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In times of crisis: How does automation support logistics and supply chains?

Last edits on: June 30th, 2020, 5 min read.

Overview:

Let’s be frank: nobody likes a crisis. Especially in these past days and weeks, all types of businesses have been challenged with unfamiliar circumstances of social distancing, unusual work rhythms and the impact on sales, operations and supply chains. But this has not been the first time that global economies are shook by new obstacles and that “Black Swans” newly define the way business is made.

In fact, in the past we’ve seen major economic crisis that resulted from unforeseen external factors – just like the current socio-economic impact of the Coronavirus pandemic. For instance, there was the financial crisis between 2007 – 2009 paralyzing financial markets, economies and domestic businesses worldwide, and even natural disasters such as the volcano eruptions in Iceland in 2010 causing global air travel being disrupted for weeks and harming all connected industries.

Clearly, these are exceptional occasions that could not be foreseen or influenced, and surely there’s more eminent volatility, uncertainty, complexity and ambiguity (VUCA) from direct market variables such as shrinking demand, dependencies on suppliers or competitive entry threats. But, what all of these external factors have in common is that – at some point – pressure is put on your business. In most cases, the stability and continuity of the entire organization is being put at risk. When left unaddressed, these problems may lead to permanent damage and business crisis which is often visible in the lack of cash flow resulting in liquidity issues to pay debt obligations and potentially leading to bankruptcy.

There’s much discussion held around the topic of how to handle a crisis the best way possible. Industry experts such as Deloitte or Capgemini play the drums very loudly around this topic and call it proactive crisis management, or even recovery crisis management. Regardless, in the end we need to ask ourselves the question: what does it take to survive this phase, to be resilient, becoming antifragile?

Industry 4.0: The technology that leads to automation for logistics and supply chains.

When it comes to how to handle your business in times of crisis and uncertainty, one does not want to deal with a black box that might determine of what happens next – at least regarding the variables that managers actually can influence: your business.

Especially you, as a supply chain manager, or you, as an operations manager, might have asked yourself; what tools do I need when I have to act quickly to overcome my operational issues, right? The answer to this question may sound simpler than it actually is: Automation.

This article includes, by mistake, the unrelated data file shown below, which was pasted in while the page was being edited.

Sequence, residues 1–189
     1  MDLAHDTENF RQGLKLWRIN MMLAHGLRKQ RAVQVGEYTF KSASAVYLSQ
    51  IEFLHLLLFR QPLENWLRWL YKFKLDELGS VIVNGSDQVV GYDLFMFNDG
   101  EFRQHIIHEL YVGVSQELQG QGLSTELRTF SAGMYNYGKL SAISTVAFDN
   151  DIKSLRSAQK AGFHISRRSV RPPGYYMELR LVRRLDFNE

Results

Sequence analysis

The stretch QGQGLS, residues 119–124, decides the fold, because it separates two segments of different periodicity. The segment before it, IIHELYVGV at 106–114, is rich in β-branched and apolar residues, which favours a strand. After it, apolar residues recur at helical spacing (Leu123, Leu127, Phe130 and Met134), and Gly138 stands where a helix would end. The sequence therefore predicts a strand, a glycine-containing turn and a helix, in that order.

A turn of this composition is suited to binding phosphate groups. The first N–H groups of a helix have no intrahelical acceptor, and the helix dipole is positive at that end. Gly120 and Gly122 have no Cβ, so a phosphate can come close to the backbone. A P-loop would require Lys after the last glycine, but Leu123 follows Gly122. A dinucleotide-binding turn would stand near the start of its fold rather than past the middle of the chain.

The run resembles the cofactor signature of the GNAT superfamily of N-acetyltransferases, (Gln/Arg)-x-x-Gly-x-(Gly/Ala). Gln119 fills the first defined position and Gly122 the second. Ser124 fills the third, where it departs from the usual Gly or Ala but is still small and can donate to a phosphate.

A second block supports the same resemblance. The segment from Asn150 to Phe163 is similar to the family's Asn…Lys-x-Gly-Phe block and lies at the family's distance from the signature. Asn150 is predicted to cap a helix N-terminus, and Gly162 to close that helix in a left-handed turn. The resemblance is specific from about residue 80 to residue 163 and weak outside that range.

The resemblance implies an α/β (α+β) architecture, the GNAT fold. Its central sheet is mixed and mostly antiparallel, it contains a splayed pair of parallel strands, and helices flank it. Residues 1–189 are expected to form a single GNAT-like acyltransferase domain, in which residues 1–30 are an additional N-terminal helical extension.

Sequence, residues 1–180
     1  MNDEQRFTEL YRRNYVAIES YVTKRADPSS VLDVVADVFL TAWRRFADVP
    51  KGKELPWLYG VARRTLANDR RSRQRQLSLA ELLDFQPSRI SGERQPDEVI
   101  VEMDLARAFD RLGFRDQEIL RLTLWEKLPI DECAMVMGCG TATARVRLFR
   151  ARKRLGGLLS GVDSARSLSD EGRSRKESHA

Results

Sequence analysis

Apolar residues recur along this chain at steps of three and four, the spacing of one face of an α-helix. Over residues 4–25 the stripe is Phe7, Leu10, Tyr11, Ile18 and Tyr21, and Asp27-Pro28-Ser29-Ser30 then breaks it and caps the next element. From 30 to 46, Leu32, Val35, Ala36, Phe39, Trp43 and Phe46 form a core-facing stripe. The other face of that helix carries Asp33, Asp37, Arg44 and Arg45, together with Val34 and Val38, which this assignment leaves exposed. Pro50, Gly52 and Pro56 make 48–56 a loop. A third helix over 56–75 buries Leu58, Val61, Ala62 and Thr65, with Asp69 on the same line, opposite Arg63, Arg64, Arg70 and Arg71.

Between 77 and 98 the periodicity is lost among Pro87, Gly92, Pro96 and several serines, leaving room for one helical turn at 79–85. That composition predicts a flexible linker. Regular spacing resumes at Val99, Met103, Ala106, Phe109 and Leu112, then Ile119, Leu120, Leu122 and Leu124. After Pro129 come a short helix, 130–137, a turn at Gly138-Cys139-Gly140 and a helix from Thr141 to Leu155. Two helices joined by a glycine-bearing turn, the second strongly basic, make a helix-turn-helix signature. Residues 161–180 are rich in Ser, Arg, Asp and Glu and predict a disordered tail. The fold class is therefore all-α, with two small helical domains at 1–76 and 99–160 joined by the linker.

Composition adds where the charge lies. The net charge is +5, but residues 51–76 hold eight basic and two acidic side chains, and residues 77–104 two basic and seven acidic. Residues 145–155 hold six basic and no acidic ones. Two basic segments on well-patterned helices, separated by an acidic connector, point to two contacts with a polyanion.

In this context, what’s not meant with automation are high-tech IoT devices and sensors within your store locations that connect shiny robotics with AI to auto-manage your entire warehouse inventory operations. What’s meant with automation is the technology that ensures data integrity between different order sources (e.g. eCommerce platforms like Shopify or Magento) and third-party logistics (3PL’s) warehouse management systems. In other words, the type of automation that enables seamless data flows between different information sources to support managers analyze business operations, be more time-efficient and make better decisions through advanced analytics.

In fact, a report by McKinsey claims that it is very likely that automation will accelerate global productivity  between 0,8% and 1,4% of global GDP annually led by supply chains being more cost-efficient and thus business being more profitable.

In times of crisis, there is no room for inefficiencies, repetitive job tasks, or time consuming “chores” that lead to overheads and long backlogs. And certainly, there’s no room for a black box within your business operations. Managers need to have all critical information up-to-date and at hand at all times to make the right decisions quickly. What’s meant here is the kind of critical information that enables managers to solve the typical supply chain management and operational tasks – just a few to mention:

  1. Manage relevant 3PL partners charged with executing both warehousing and distribution activities  across different markets on a daily basis
  2. Manage stock levels and inventory across all 3PL and store locations
  3. Direct, optimize and coordinate full order cycle (from outbound to returns) across all sales channels
  4. Report weekly and monthly logistics KPIs
  5. Process fulfillment and return requests